In 2003, Jeffrey Allan Danelek wrote Reconsidering Atlantis, which was revised and republished in 2008 as Atlantis: Lessons from the Lost Continent, in which he examines the ten post popular Atlantis theories. Danelek examines Plato's writings and concludes that there is enough in the texts to conclude that Atlantis was a real place, but there is not enough evidence to to pinpoint its location specifically, beyond it lying somewhere within the Tropics.
Danelek also contends that it is quite possible that civilization advanced further back in prehistory several times, and met disasters, forcing civilization to start again. However, this is speculation and little evidence is presented.
The tropics is a region of the Earth surrounding the Equator. It is limited in latitude by the Tropic of Cancer in the northern hemisphere at 23°26′14.4″ (or 23.43732°) N and the Tropic of Capricorn in the southern hemisphere at 23°26′14.4″ (or 23.43732°) S; these latitudes correspond to the axial tilt of the Earth. The tropics include all the areas on the Earth where the Sun reaches a subsolar point, a point directly overhead at least once during the solar year.
Tropical ecosystems may consist of rainforests, dry deciduous forests, spiny forests, desert and other habitat types. There are often significant areas of biodiversity, and species endemism present, particularly in rainforests and dry deciduous forests. Some examples of important biodiversity and/or high endemism ecosystems are: El Yunque National Forest in Puerto Rico, Costa Rican and Nicaraguan rainforests, Amazon Rainforest territories of several South American countries, Madagascar dry deciduous forests, the Waterberg Biosphere of South Africa, and eastern Madagascar rainforests. Often the soils of tropical forests are low in nutrient content, making them quite vulnerable to slash-and-burn deforestation techniques, which are sometimes an element of shifting cultivation agricultural systems.
In biogeography, the tropics are divided into Paleotropics (Africa, Asia and Australia) and Neotropics (Caribbean, Central America, and South America). Together, they are sometimes referred to as the Pantropic. The Neotropical region should not be confused with the ecozone of the same name; in the Old World, there is no such ambiguity, as the Paleotropics correspond to the Afrotropical, Indomalayan, and partly the Australasian and Oceanic ecozones.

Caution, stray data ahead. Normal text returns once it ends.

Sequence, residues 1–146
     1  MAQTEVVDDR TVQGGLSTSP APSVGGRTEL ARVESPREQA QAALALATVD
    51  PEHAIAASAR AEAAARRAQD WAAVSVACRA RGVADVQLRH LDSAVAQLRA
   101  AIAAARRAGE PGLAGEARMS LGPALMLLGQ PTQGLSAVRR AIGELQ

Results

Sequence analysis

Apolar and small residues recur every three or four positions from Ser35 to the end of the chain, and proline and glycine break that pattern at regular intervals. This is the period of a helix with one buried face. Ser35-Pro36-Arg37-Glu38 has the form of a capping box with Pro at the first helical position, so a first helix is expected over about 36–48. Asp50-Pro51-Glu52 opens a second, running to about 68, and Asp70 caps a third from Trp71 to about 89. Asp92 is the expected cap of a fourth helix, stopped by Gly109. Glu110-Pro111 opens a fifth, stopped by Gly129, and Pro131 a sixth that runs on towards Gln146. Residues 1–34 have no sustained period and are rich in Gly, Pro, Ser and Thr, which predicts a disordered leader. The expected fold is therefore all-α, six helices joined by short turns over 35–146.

Regions within the tropics may well not have a tropical climate. There are alpine tundra and snow-capped peaks, including Mauna Kea, Mount Kilimanjaro, and the Andes as far south as the northernmost parts of Chile and Argentina. Under the Köppen climate classification, much of the area within the geographical tropics is classed not as "tropical" but as "dry" (arid or semi-arid) including the Sahara Desert, the Atacama Desert and Australian Outback.
Countries within the Tropics are:
Belize, Costa Rica, El Salvador, Guatemala, Honduras, Nicaragua, Panama.
Anguilla, Antigua and Barbuda, Aruba, Bahamas, Barbados, British Virgin Islands, Cayman Islands, Cuba, Dominica, Dominican Republic, Grenada, Guadeloupe, Haiti, Jamaica, Martinique, Montserrat, Netherlands Antilles, Puerto Rico, Saint Barthélemy, Saint Kits and Nevis, Saint Lucia, Saint Martin (France), Saint Vincent and the Grenadines, Trinidad and Tobago, Turks and Cacaos Islands, United States Virgin Islands.
Angola, Cameroon, Central African Republic, Chad, Congo, Democratic Republic of Congo (Zaire), Equatorial Guinea, Gabon, Sudan, Zambia.
Burundi, Comoros, Djibouti, Eritrea, Ethiopia, Kenya, Madagascar, Malawi, Mauritius, Mayotte, Mozambique, Reunion, Rwanda, Seychelles, Somalia, Tanzania, Uganda.
Benin, Burkina Faso, Côte d'Ivoire (Ivory Coast), The Gambia, Ghana, Guinea, Guinea-Bissau, Liberia, Mali, Mauritania, Niger, Nigeria, Saint Helena, São Tomé and Principe, Senegal, Sierra Leone, Togo.
Brunei, Burma (Myanmar), Cambodia, East Timor, Indonesia, Laos, Malaysia, Philippines, Singapore, Thailand, Vietnam, India.